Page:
To use the Lens of Animation and Effects, ask yourself these questions:

  • Are there any effects that could cause a seizure?
  • Are there any animations or effects that could cause dizziness or vertigo through use of motion?
  • Are there any animations that could be distracting by constantly moving, blinking, or auto-updating?
  • Is it possible to provide controls or options to stop, pause, hide, or change the frequency of any animations or effects?

Lens Of Audio And Video

Autoplaying videos and audio can be pretty annoying. Not only do they break a users concentration, but they also force the user to hunt down the offending media and mute or stop it. As a general rule, don’t autoplay media.

“Use autoplay sparingly. Autoplay can be a powerful engagement tool, but it can also annoy users if undesired sound is played or they perceive unnecessary resource usage (e.g. data, battery) as the result of unwanted video playback.”

Google Autoplay guidelines

You’re now probably asking, “But what if I autoplay the video in the background but keep it muted?” While using videos as backgrounds may be a growing trend in today’s web design, background videos suffer from the same problems as GIFs and constant moving animations: they can be distracting. As such, you should provide controls or options to pause or disable the video.

Along with controls, videos should have transcripts and/or subtitles so users can consume the content in a way that works best for them. Users who are visually impaired or who would rather read instead of watch the video need a transcript, while users who aren’t able to or don’t want to listen to the video need subtitles.

To use the Lens of Audio and Video, ask yourself these questions:

  • Are there any audio or video that could be annoying by autoplaying?
  • Is it possible to provide controls to stop, pause, or hide any audio or videos that autoplay?
  • Do videos have transcripts and/or subtitles?

Lens Of Color

Color plays an important part in a design. Colors evoke emotions, feelings, and ideas. Colors can also help strengthen a brand’s message and perception. Yet the power of colors is lost when a user can’t see them or perceives them differently.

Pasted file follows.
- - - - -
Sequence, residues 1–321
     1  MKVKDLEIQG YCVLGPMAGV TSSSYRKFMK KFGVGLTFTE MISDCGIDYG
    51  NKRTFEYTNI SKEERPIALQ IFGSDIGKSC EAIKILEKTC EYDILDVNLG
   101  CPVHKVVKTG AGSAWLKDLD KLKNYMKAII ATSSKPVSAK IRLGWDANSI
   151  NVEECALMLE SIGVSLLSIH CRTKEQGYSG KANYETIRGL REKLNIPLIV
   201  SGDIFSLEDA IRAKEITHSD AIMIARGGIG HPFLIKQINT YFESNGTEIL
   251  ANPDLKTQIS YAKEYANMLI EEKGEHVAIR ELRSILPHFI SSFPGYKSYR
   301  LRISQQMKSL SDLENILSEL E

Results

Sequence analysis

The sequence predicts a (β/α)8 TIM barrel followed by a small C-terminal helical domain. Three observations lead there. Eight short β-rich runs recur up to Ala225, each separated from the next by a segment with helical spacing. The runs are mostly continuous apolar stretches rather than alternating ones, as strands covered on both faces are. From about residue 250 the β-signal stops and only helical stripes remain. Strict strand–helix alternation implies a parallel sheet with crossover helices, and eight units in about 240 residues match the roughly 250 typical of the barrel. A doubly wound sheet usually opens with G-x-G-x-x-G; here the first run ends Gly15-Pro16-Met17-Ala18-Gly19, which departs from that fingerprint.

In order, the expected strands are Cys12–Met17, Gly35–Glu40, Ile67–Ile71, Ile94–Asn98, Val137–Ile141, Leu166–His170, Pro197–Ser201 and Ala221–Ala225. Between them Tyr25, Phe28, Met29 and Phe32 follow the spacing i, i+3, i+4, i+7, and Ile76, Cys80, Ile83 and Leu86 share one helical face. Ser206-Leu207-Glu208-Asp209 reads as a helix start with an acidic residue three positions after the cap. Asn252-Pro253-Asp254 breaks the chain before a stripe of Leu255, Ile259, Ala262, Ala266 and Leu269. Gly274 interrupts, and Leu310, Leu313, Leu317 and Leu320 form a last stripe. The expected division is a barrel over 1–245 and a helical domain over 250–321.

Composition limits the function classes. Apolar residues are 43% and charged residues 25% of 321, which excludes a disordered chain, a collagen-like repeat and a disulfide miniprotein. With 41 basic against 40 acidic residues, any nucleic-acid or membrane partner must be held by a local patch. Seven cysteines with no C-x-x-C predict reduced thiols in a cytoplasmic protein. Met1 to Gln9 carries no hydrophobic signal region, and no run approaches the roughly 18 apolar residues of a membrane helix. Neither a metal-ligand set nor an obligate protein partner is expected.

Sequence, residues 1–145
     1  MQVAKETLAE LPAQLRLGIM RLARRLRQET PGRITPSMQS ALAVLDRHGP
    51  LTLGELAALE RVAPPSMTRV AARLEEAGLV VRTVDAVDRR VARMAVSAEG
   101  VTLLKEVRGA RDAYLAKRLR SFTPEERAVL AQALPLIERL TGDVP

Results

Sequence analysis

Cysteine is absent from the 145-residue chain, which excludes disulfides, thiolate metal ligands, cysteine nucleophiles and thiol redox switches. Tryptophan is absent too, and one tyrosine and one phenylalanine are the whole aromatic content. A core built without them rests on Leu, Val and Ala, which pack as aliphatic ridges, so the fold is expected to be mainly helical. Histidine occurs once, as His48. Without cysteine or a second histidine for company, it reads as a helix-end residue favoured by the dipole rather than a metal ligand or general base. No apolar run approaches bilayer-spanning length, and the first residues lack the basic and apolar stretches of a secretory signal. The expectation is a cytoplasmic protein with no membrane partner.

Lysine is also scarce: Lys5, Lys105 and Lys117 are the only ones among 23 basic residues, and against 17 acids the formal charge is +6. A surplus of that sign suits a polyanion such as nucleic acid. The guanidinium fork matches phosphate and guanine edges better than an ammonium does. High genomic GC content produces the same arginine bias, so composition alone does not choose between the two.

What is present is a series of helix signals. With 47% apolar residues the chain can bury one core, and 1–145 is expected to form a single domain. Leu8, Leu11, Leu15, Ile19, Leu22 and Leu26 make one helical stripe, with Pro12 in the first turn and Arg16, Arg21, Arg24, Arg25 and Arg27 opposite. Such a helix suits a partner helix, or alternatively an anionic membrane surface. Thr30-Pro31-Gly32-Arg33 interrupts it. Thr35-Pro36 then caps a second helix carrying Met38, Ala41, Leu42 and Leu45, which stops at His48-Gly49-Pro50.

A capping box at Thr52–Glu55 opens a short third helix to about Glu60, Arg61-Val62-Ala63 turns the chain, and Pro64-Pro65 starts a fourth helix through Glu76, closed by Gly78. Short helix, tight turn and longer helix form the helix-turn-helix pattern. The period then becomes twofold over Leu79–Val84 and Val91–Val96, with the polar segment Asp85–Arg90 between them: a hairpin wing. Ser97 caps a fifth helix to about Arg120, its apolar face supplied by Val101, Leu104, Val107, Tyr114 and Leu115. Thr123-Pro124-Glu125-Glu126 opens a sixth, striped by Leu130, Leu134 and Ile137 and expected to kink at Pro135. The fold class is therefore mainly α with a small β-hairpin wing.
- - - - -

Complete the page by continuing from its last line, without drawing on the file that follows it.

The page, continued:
Color blindness affects roughly 1 in 12 men and 1 in 200 women. Deuteranopia (red-green color blindness) is the most common form of color blindness, affecting about 6% of men. Users with red-green color blindness typically perceive reds, greens, and oranges as yellowish.


Color Blindness Reference Chart for Deuternaopia, Protanopia, and Tritanopia


Deuteranopia (green color blindness) is common and causes reds to appear brown/yellow and greens to appear beige. Protanopia (red color blindness) is rare and causes reds to appear dark/black and orange/greens to appear yellow. Tritanopia (blue-yellow colorblindness) is very rare and cases blues to appear more green/teal and yellows to appear violet/grey. (Source) (Large preview)

Color meaning is also problematic for international users. Colors mean different things in different countries and cultures. In Western cultures, red is typically used to represent negative trends and green positive trends, but the opposite is true in Eastern and Asian cultures.

Because colors and their meanings can be lost either through cultural differences or color blindness, you should always add a non-color identifier. Identifiers such as icons or text descriptions can help bridge cultural differences while patterns work well to distinguish between colors.


Six colored labels. Five use a pattern while the sixth doesn’t


Trello’s color blind friendly labels use different patterns to distinguish between the colors. (Large preview)

Oversaturated colors, high contrasting colors, and even just the color yellow can be uncomfortable and unsettling for some users, prominently those on the autism spectrum. It’s best to avoid high concentrations of these types of colors to help users remain comfortable.

Poor contrast between foreground and background colors make it harder to see for users with low vision, using a low-end monitor, or who are just in direct sunlight. All text, icons, and any focus indicators used for users using a keyboard should meet a minimum contrast ratio of 4.5:1 to the background color.

You should also ensure your design and colors work well in different settings of Windows High Contrast mode. A common pitfall is that text becomes invisible on certain high contrast mode backgrounds.

To use the Lens of Color, ask yourself these questions:

  • If the color was removed from the design, what meaning would be lost?
  • How could I provide meaning without using color?